December 27, 2013
Pursuant to Elections Code Section 9005, we have reviewed the proposed constitutional initiative related to
funding for transportation programs (A.G. File No. 13‑0045).
Transportation Funding. California spends an estimated $27 billion a year from a combination of
state, federal, and local funds to maintain, operate, and improve its
highways, streets and roads, passenger rail, and transit systems. About
one-half of the funding comes from various local sources, such as sales
and property taxes and transit fares. About one-quarter of the funding
comes from the federal government and the remaining one-quarter comes
from the state. The portion of transportation funding provided by the
state comes from several sources.
Fuel Excise Taxes. Currently, the state charges excise taxes of 39.5 cents per gallon on
gasoline and 10 cents per gallon on diesel fuel used in vehicles
operating on public roads. These taxes generate about $6 billion
annually for state and local transportation programs.
Vehicle Weight Fees. The state charges weight fees on vehicles that carry a heavy load, such as
commercial trucks. These fees generate about $1 billion annually, which
repay bonds that finance state and local transportation projects.
- Diesel Sales Tax. The state currently charges a sales tax on diesel fuel of 6.94 percent,
which generates about $610 million annually for state and local transit.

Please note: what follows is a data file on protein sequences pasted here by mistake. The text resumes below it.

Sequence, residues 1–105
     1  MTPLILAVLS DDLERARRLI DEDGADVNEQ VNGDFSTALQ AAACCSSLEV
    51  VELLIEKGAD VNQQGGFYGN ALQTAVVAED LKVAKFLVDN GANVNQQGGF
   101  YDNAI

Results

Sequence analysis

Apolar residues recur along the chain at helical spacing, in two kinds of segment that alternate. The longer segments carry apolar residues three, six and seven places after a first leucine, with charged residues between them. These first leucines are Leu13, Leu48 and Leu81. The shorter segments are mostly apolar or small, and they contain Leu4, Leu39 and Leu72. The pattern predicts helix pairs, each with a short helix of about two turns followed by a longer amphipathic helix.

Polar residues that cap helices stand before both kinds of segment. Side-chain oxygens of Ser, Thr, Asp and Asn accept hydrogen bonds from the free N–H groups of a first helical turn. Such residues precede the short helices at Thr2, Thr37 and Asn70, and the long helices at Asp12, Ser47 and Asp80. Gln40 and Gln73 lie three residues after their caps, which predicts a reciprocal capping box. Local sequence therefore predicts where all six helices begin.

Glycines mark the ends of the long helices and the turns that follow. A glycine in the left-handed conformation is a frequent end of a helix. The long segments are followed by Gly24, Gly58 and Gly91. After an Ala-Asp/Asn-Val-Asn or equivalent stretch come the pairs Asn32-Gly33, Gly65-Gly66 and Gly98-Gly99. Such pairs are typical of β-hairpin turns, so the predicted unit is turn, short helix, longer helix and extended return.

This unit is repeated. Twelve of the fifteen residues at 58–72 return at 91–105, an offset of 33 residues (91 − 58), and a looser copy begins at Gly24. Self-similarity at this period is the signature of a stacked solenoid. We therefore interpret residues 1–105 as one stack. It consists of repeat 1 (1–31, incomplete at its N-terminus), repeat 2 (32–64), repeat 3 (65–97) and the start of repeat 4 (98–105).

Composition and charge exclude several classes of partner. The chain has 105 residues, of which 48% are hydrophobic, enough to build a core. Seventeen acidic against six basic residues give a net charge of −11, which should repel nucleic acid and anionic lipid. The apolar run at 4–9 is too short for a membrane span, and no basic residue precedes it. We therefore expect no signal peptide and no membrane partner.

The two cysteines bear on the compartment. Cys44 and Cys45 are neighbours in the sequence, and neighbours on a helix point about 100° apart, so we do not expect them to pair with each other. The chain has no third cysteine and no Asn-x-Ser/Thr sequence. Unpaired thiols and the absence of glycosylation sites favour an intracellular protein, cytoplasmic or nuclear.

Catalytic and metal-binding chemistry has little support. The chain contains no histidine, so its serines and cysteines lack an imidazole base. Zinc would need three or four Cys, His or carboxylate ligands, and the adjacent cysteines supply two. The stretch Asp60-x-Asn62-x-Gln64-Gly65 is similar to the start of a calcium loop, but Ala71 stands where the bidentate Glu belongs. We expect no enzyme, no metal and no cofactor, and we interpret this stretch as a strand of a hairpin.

Off-Road Gasoline Excise Taxes. The state charges excise taxes on
gasoline purchased for off-road uses, such as for off-road vehicles,
agricultural equipment, boats, and planes. These taxes generate about
$275 million annually. The state General Fund receives about half of
these revenues, with the remaining half funding off-highway vehicle
recreation, agriculture, general aviation, and boating programs.
Miscellaneous Transportation Revenues. The state collects about $65 million
annually from miscellaneous sources, such as rental income from
properties owned by the California Department of Transportation. These
funds are deposited in the state General Fund.
Local Government Finance. The vehicle license fee (VLF), also called the motor vehicle in-lieu
tax, is a tax on the ownership of a registered vehicle in place of
taxing vehicles as personal property. The VLF is paid annually upon
vehicle registration in addition to other fees, such as the vehicle
registration fee, air quality fees, and commercial vehicle weight fees,
all of which fund specific state programs. In 1998, the Legislature
began a series of reductions in the VLF. The fee was reduced from a
level of 2 percent down to a rate of 0.65 percent. Revenues from the VLF
fund a variety of county and city services.
New Tax on Vehicles. This measure amends the State Constitution to create a new tax on vehicles.
Specifically, the measure creates an annual property tax on all vehicles
registered in the state, at the rate of 1 percent of a vehicle’s value
upon full implementation beginning on January 1, 2018. Under the
measure, the tax would be phased in over four years in annual increments
of 0.25 percent beginning on January 1, 2015. The Department of Motor
Vehicles (DMV) would collect the tax when vehicles are registered each
The measure specifies that commercial vehicles would be
exempt from the new tax until July 1, 2016. If the state increases the
excise tax on diesel fuel by at least three cents per gallon before July
1, 2016, then commercial vehicles would continue to remain exempt from
the new vehicle tax established in the measure. If, however, the state
does not increase the diesel excise tax before July 1, 2016, then the
new tax would be charged on commercial vehicles beginning July 1, 2016.